Music Tourism: Trip to the tune of a cool 11 billion annually

What is Music Tourism?

Music tourism involves travelling to a place to experience a live music event. A person, or group, may go solely for the event, or the music event may fit alongside other activities.

The importance of quantifying the value of music tourism cannot be overstated. Many people perceive music as an expense. If one stops and thinks about the cost of promoting cultural events, it sure can seem like a lot of money to spend. But, when one then calculates the ROI, what appeared to be an expense suddenly shows itself to be an investment.

The Value of Music Tourism

Future Market Insights predicts the music tourism market to grow to 14 billion USD annually by 2033. The value of the sector is currently estimated to be 11 billion USD.

Music tourism moves people – and money.

Live music is a “scarce” event. Supply and demand is the basis of capitalist economic theory. When there is scarcity, prices increase.. In real life, this means that people are willing to spend time and money on “once in a lifetime trips” to see and hear their favourite musicians play live.

The recent Taylor Swift “Eras” tour is a case in point. Swift made so much money from her tour that she could pay a 100,000 USD bonus to each of her truckers.

If you live in one of the 20 locales Swift, 33, performed at in the last five months, your city has likely seen a boost in revenue from the hundreds of thousands of attendees who traveled from near and far.

Another case in point is Madonna’s “Celebration” tour, her latest jaunt around the globe, which Billboard estimates may generate upwards of 100 million USD. Pop stars of this caliber draw people from a huge radius. These fans fork out not only for tickets, but for food, accommodation, transportation, and souvenirs.

Classical music is also an enormous attraction. In countries like Italy or Germany, aficionados will spend significant sums for a seat. La Scala in Milan is known for its atmosphere and the exceptional quality of its performances. It is a must-visit destination for classical music tourists. But, to enjoy an opera at La Scala, fans must spend €165-210 for a single ticket.

Who’s Who in Music Tourism?

There are increasing numbers of projects dedicated to promoting destinations to music fans. Here is a small selection.

Music and Tourism: On The Road Again

Published in 2005 by Chris Gibson (Australia), this scholarly book is considered to be the first one about music and tourism. Describing music tourism as a “niche”, which it is, the authors look at the phenomenon from various viewpoints. Historical and contemporary analyses, financial and cultural, plus the politics of copying and identity. This looks like one that I ought to get my hands on.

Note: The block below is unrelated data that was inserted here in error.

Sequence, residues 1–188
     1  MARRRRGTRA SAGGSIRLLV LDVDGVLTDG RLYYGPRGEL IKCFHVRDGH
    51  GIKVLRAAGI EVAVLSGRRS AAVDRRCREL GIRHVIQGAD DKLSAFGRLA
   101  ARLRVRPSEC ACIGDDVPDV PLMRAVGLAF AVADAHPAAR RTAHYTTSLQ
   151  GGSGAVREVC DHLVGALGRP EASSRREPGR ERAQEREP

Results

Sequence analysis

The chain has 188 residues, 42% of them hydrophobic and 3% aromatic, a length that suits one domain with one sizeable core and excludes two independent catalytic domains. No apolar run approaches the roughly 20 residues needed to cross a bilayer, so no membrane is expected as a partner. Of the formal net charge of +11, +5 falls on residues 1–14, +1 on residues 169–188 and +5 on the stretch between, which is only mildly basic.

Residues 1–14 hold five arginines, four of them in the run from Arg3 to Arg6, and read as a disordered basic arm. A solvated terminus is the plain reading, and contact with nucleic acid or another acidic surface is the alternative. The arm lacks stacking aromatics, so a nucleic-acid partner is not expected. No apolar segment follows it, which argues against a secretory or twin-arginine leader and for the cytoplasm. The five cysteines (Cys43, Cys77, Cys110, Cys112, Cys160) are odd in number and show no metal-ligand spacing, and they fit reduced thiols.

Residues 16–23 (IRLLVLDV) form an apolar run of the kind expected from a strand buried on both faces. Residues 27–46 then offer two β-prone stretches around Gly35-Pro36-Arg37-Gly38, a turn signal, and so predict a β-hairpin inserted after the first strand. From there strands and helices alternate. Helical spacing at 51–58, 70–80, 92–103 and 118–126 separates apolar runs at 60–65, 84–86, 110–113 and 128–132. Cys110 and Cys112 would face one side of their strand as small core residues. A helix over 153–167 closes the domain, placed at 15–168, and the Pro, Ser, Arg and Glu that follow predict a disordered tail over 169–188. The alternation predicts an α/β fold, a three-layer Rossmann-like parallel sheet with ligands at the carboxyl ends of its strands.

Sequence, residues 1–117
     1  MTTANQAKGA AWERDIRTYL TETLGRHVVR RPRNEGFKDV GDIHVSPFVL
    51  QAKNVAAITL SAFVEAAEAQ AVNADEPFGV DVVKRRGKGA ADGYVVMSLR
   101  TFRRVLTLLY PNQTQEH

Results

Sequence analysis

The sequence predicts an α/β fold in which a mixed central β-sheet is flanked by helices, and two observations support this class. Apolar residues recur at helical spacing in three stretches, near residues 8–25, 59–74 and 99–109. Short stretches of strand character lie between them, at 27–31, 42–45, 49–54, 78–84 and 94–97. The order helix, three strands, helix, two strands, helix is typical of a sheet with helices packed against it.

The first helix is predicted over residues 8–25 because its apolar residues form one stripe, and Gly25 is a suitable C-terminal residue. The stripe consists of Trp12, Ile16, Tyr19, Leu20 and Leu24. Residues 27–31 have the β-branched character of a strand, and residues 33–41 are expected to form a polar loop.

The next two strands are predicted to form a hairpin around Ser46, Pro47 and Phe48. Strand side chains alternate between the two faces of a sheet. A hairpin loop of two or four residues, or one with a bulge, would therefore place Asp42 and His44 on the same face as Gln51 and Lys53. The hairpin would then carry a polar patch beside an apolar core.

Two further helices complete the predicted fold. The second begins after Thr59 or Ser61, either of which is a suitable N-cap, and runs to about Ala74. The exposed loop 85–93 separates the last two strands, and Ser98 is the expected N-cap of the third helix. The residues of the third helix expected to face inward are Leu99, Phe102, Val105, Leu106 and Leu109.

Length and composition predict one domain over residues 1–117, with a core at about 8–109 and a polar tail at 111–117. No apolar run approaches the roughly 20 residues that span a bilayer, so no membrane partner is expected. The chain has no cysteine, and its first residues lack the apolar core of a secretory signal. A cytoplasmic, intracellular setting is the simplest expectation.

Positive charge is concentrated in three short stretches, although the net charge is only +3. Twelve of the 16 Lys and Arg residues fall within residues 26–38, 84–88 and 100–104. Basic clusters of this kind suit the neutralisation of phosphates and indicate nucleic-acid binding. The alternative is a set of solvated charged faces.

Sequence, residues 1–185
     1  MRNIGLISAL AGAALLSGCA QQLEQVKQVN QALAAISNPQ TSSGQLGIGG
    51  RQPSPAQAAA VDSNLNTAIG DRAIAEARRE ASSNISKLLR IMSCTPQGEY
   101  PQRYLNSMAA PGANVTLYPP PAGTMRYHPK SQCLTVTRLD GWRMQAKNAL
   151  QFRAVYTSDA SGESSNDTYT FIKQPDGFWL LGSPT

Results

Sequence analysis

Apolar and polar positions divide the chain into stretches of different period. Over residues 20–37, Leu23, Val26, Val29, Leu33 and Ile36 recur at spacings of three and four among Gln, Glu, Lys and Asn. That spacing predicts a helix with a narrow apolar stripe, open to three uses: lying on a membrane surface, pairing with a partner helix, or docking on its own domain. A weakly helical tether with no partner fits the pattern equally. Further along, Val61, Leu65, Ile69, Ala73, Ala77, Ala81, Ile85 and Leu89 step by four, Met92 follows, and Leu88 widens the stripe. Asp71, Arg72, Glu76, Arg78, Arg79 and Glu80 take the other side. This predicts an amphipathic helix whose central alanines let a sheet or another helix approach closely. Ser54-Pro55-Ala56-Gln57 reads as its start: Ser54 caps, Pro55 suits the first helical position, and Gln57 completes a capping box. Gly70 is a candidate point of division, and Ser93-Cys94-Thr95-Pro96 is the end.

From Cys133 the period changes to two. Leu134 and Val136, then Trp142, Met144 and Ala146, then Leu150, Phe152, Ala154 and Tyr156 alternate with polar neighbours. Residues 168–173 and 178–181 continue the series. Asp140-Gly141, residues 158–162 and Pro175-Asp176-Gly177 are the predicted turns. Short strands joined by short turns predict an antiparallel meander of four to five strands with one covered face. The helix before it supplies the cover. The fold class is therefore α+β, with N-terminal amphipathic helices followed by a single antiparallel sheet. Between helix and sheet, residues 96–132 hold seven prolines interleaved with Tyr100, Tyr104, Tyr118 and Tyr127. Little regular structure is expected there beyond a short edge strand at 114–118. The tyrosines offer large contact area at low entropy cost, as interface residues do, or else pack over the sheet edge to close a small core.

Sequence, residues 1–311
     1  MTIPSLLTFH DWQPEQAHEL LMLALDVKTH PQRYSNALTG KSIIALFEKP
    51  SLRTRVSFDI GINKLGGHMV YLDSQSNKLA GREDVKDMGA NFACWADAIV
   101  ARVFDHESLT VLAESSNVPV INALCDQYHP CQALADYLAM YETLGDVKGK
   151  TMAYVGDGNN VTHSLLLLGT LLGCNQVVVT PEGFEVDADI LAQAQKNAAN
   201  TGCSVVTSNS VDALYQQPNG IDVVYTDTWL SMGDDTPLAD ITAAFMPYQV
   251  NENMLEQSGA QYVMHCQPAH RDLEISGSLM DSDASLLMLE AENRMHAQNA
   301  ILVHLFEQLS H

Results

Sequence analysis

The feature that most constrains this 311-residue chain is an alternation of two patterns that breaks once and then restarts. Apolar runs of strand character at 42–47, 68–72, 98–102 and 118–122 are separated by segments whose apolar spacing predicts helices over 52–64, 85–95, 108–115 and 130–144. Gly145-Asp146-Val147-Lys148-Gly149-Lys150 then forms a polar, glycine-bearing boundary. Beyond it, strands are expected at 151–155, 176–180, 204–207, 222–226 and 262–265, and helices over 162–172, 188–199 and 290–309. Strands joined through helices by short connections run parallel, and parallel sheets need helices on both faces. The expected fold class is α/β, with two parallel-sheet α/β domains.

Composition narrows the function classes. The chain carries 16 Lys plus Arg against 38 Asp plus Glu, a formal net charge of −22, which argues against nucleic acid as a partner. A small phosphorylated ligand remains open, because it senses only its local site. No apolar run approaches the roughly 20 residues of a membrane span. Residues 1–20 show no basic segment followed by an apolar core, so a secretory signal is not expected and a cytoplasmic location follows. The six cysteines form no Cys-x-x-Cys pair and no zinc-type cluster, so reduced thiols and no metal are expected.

Sound Diplomacy

This consultancy works with the economics of culture, music, leisure, hospitality, policy, planning, and placemaking.

Shain Shapiro is the main person here. He has just published his second book, “This Must Be The Place.”

Music Cities Events

Music Cities Events is a platform that aims to educate on the value of music. They organize events all around the globe. These conferences showcase music tourism, music policy and, of course, music cities.

TIIM – Turismo Amplificado

The Valencian government has created an initiative to promote music tourism. I will be in attendance at the Jornadas TIIM on 13 & 14 December 2023, in Valencia. Will you be there? Let’s connect!

Estaré en la Jornadas TIIM en Valencia el próximo 13 y 14 de diciembre. ¡Me encantaría conectar contigo!

Music “pilgrimages” to specific cities.

Places like New Orleans, Nashville, Seville, or Berlin are magnets for music lovers. Trips to these emblematic places are akin to pilgrimages; such is the passion that music arouses.

Each city has its allure for music enthusiasts, whether it resonates with the smooth sounds of jazz, the vibrant energy of rock and roll, the passionate rhythms of flamenco, or the pulsating beats of techno.


Famous street parties are found worldwide and most are raucous celebrations of music, dance, and color. Rio de Janeiro, in Brazil, has its famous samba parades. The Notting Hill Gate Carnival in London features soca and reggae music. The Cádiz “Carnavales”, in Southern Spain, features flamenco singing and dancing.

Music Festivals

These exemplify a form of music tourism. Music festivals abound in the summer months in both the northern and the southern hemispheres. Festivals can last from one day to over a week. Longer festivals require, logically, a bigger investment of both time and money. Whether festival goers are camping on-site or staying off-site, they will need to pay for travel, accommodation, food, and tickets. In Spain, the average person spends 300€ per festival, according to TIIM.

Music festivals are music tourism exemplified.

Holiday Entertainment

We have all been there: on holiday, in an unfamiliar place, and hungry or thirsty. How do we choose where to sit down? Google Maps or TripAdvisor can help, but even with these aids, we will use our specific criteria to choose. The music filtering (or blaring, depending on your taste) will determine to a large degree whether you sit down or walk on by.

Some people may save all year for their holiday, and they want to savor every moment of their much-deserved break. Investing in some form of musical entertainment is crucial for bar and restaurant owners as it greatly enhances the overall guest experience.

By the way, if you ever visit Benidorm, I DJ at the Caiman Beach Bar and the D-Vora Sky Bar. So make sure to come and say hello.


As I study Neuromusic more, I become increasingly fascinated by the connection between music and our daily lives. Music tourism matters – it moves people and it moves money.

After my visit to TIIM, I will give you an update. Watch this space. Meanwhile, keep on moving, don’t stop, no.